Mr Lavery says: "We need to work with our counterpart in the south [of Ireland] to look at all of the cros- border issues and work our way through them". 

RDP and CAP payments

Linda Dillon asks for assurance that the Rural Development Programme (RDP) will continue to run until 2020. 

Mr Lavery says that, at the present time, the RDP will "continue to run" and we are "continuing to implement our programmes". 

He says the department iscontinuing to implement the payment of Common Agricultural Policy (CAP) subsidy payments. 

"I cannot say what will happen in the next two or three years," he says. 

Theresa May on Common Travel Area

BBC NI political correspondent Stephen Walker tweets

Business as normal for DAERA

Noel Lavery
BBC

The final oral briefing this morning is from DAERA officials, again on the implications of Brexit for the department. 

Mr Noel Lavery says "it is early days and there are a considerable number of unknowns around how the negotiation period [of two years] will be managed".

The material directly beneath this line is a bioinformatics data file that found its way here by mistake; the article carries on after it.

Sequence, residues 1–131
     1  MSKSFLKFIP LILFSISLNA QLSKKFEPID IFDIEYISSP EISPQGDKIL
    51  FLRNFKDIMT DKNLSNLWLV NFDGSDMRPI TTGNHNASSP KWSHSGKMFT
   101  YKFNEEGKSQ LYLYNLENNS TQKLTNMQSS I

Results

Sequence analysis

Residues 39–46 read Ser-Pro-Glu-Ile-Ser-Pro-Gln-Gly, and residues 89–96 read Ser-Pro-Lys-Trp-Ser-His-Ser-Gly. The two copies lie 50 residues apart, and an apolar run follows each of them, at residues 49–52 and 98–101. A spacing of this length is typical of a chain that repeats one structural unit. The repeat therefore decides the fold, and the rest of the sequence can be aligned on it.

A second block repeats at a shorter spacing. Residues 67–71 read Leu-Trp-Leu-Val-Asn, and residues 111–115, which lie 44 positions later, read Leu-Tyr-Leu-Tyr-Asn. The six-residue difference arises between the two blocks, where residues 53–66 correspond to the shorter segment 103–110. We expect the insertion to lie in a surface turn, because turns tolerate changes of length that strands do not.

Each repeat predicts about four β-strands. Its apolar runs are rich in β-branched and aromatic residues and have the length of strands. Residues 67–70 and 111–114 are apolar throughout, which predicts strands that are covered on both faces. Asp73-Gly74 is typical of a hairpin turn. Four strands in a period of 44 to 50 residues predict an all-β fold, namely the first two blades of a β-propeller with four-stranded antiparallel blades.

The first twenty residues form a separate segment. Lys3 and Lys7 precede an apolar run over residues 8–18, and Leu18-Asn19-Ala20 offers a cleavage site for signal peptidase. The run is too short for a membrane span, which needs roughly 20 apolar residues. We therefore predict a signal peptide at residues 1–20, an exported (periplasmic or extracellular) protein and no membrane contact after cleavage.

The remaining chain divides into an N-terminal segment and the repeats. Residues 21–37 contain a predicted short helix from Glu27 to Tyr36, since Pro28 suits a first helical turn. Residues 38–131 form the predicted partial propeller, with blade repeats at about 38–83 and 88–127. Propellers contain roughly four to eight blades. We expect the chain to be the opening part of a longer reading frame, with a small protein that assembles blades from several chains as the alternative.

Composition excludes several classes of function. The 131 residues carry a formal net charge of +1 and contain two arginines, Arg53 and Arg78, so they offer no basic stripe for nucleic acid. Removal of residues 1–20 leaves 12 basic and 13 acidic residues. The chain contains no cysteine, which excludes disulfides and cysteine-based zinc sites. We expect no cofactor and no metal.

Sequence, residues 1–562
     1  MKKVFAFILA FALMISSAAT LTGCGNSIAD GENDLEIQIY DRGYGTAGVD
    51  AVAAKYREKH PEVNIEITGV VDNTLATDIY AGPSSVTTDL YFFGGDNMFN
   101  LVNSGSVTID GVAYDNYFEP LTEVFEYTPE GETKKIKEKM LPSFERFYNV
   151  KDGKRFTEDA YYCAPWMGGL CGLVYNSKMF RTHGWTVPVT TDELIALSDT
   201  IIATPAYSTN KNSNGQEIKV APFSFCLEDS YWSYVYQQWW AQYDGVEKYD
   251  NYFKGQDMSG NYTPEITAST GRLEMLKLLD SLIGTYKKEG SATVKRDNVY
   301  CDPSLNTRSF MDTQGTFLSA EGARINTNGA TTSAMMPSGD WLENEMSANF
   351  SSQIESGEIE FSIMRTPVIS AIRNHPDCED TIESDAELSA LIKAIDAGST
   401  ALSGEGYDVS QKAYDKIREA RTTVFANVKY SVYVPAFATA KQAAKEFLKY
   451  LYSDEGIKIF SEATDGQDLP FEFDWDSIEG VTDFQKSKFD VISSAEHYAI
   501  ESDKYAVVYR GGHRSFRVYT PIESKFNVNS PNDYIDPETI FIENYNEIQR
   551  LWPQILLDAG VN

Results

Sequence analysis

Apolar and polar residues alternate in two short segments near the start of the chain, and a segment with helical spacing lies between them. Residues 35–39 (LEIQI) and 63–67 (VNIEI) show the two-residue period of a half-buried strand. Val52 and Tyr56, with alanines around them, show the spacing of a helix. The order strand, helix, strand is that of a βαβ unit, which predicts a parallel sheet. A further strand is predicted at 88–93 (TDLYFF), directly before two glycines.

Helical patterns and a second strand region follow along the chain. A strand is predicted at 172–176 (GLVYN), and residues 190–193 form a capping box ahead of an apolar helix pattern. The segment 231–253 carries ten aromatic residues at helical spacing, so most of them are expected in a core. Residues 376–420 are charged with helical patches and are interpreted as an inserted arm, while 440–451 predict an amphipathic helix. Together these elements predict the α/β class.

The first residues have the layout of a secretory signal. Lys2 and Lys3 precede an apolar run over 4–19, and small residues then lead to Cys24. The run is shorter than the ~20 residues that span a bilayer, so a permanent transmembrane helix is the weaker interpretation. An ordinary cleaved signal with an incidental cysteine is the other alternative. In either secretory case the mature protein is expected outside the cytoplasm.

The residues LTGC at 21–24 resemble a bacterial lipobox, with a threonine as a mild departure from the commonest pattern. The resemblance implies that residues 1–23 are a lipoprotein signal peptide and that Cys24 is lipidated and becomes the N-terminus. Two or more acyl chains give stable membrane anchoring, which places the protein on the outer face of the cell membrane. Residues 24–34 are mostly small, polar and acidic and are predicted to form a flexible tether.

"We are operating business as normal," he says. 

Amongst other implications, he says the department will need to revise all of the legislation and assess implications for trade as "70% of trade for food and drink is outside of Northern Ireland".  

Brexit 'opens new discussions' on corporation tax

Arlene Foster
BBC

The UK's exit from the EU "opens up new discussions" about corporation tax in Northern Ireland, the First Minister has told the BBC's Good Morning Ulster programme. 

Earlier this week Arlene Foster said she will explore, with the Treasury, whether the leaving the EU could cut the cost of lowering corporation tax in NI.  

Rural has to be promoted

Field gate
BBC

Sydney Anderson says, as it concerns 40% of the population in Northern Ireland, "rural does have to be promoted". 

However, he says the word that has been used a lot this morning, is "uncertainty". 

Ms Teresa Canavan of the Rural Development Council says "the uncertainty is around the immediate and what happens with the current Rural Development Programme". 

"Will it last to 2020?" she asks. 

'Brexit creates fear and concern'

Majella Murphy
BBC
Majella Murphy

The next briefing is from the Rural Development Council,  Rural Community Network and the Northern Ireland Rural Women's Network. 

Linda Dillon says this is the group most "likely to be most concerned" as they are going to be the most likely affected. 

Majella Murphy from the Northern Ireland Rural Women's Network says "Brexit creates fear and concern about the future of rural development" and urges the committee to protect the funding. 

EU legislation

Robin Swann
BBC